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From bugzi...@apache.org
Subject DO NOT REPLY [Bug 31523] - Request parameters are not always passed to HttpServlet.service
Date Mon, 04 Oct 2004 15:56:52 GMT
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http://issues.apache.org/bugzilla/show_bug.cgi?id=31523

Request parameters are not always passed to HttpServlet.service





------- Additional Comments From emond@emaxx.nl  2004-10-04 15:56 -------
I've tried running Tomcat with the security manager enabled (with a grant all 
in the policy file). This brought up some worrying facts. I will first give a 
little info on the way our application is working. 
 
As I've said before, we are using Cocoon Forms with the underlying flow to 
chain the forms. However the default flow (using javascript) was not powerful 
enough. The concept of a continuation framework, is that it simulates a thread, 
which is suspended when a page is shown to the user, and continued when the 
user submits the form. To be able to build more robust applications, we decided 
to use a real thread as the flow, which is locked (with wait) and notified. It 
is impossible for this thread to run simultaneously with the servlet thread. 
When the first is running, the second is locked and vice versa. However I've 
discovered, that even though these threads don't run at the same time, either 
Cocoon or Tomcat is affected. They seem to rely on the thread currently 
executing. 
 
When Tomcat is running with the security manager enabled, the creation of the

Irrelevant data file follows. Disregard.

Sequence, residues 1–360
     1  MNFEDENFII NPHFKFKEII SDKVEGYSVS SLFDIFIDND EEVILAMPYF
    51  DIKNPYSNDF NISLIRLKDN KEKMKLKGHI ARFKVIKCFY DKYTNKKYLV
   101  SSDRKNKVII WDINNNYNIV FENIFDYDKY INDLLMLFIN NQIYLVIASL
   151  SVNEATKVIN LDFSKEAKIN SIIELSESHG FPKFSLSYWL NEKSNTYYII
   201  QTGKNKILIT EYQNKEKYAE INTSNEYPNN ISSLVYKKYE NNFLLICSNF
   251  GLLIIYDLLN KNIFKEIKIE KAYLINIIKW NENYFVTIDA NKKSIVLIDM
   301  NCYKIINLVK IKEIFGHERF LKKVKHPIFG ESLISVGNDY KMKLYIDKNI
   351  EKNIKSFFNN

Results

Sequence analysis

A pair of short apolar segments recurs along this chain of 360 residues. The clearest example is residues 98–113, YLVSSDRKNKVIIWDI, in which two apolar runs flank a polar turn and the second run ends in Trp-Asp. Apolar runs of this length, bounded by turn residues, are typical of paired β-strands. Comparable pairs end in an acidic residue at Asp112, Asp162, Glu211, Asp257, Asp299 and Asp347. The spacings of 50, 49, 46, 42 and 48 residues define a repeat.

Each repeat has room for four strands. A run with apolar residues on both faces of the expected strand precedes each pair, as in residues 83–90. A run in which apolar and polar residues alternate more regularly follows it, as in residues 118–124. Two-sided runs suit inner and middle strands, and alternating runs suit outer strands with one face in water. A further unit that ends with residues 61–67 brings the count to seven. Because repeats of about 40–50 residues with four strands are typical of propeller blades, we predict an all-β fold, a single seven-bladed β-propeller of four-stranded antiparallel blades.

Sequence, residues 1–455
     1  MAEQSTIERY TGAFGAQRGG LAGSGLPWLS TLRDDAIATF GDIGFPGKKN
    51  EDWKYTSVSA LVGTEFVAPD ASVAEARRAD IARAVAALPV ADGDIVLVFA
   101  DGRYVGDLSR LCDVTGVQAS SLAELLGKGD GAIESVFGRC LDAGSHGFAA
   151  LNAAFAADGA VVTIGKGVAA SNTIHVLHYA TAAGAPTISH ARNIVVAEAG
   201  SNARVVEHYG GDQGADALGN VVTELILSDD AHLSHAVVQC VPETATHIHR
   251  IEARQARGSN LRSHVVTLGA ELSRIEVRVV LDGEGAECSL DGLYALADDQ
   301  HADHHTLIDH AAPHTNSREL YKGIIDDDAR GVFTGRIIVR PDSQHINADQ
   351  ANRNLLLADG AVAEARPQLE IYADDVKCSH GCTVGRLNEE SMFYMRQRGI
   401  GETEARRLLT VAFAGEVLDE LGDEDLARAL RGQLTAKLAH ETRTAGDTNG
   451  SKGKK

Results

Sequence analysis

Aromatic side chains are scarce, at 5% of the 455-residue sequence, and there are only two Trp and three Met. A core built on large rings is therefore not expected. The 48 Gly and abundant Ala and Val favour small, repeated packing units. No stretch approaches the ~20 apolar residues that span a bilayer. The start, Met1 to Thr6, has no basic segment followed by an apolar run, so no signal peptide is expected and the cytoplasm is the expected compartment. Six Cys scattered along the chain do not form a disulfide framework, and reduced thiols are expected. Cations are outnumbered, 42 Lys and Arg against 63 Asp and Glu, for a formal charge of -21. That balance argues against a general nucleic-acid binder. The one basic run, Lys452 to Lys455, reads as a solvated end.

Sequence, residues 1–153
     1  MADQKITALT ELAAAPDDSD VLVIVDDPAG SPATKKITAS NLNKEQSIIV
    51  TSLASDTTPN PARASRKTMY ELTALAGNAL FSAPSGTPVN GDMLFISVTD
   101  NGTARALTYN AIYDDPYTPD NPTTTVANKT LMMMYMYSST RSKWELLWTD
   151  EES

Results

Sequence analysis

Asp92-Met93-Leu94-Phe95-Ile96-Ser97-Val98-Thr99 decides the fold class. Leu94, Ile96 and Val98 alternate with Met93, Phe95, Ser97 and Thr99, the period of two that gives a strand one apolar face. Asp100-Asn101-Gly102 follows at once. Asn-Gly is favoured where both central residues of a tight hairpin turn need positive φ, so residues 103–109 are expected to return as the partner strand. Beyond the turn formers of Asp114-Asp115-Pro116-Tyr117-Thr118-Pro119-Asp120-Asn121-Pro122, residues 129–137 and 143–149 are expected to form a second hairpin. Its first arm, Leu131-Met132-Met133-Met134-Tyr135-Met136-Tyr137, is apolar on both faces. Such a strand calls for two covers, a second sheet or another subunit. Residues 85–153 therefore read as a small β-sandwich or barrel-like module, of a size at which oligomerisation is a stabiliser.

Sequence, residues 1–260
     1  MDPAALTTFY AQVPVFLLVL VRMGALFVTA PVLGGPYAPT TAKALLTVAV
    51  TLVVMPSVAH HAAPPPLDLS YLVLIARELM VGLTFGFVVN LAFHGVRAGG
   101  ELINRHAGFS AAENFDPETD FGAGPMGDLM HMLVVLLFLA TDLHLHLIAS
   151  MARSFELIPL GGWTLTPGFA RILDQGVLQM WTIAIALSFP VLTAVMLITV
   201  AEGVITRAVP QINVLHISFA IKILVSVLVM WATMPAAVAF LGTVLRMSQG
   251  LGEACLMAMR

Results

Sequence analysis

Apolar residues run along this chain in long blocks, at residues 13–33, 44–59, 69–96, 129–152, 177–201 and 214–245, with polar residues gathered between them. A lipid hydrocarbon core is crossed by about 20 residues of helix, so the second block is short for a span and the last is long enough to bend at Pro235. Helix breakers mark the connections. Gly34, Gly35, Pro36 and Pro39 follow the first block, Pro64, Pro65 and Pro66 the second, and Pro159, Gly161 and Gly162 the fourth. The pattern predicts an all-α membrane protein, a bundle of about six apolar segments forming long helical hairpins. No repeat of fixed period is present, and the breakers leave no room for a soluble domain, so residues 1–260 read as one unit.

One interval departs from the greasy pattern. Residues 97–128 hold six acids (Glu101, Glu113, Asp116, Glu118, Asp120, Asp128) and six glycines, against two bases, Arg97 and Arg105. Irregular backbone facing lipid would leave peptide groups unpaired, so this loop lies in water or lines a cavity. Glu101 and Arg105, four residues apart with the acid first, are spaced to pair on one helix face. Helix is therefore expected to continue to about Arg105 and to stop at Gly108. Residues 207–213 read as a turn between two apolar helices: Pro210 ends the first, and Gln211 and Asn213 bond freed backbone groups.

form hierarchy triggers a NullPointerException 
at  org.apache.coyote.tomcat5.CoyoteRequestFacade. 
        getQueryString(CoyoteRequestFacade.java:481). 
 
I've managed to get around this, by creating an Expression that executes the 
malicious method. This Expression is then passed to the servlet thread, which 
executes it from its own context and passes the result back to the flow thread. 
Still no two threads will ever be running at the same time, but this time the 
method succeeds. Is this expected behaviour? 
 
I've looked at the postparam application. If the bug is in Tomcat, this should 
trigger it, however it might be very hard to hit it, because you might have to 
resubmit over 100 times. What makes it even more complicated is that we 
discovered that we can avoid the problem, by printing lots of debug to stdout. 
This shows how sensitive the timing is. 
 
At this moment we are considering to drop the flow thread and emulate it with a 
bytecode interpreter. If it is correct that Tomcat cannot handle multiple 
threads inside a servlet, even when they cannot run concurrently, then this 
might very well be what triggers the problem. In that case, I apologise for the 
trouble and I will definitely switch to a bytecode interpreter that runs in the 
servlet thread.

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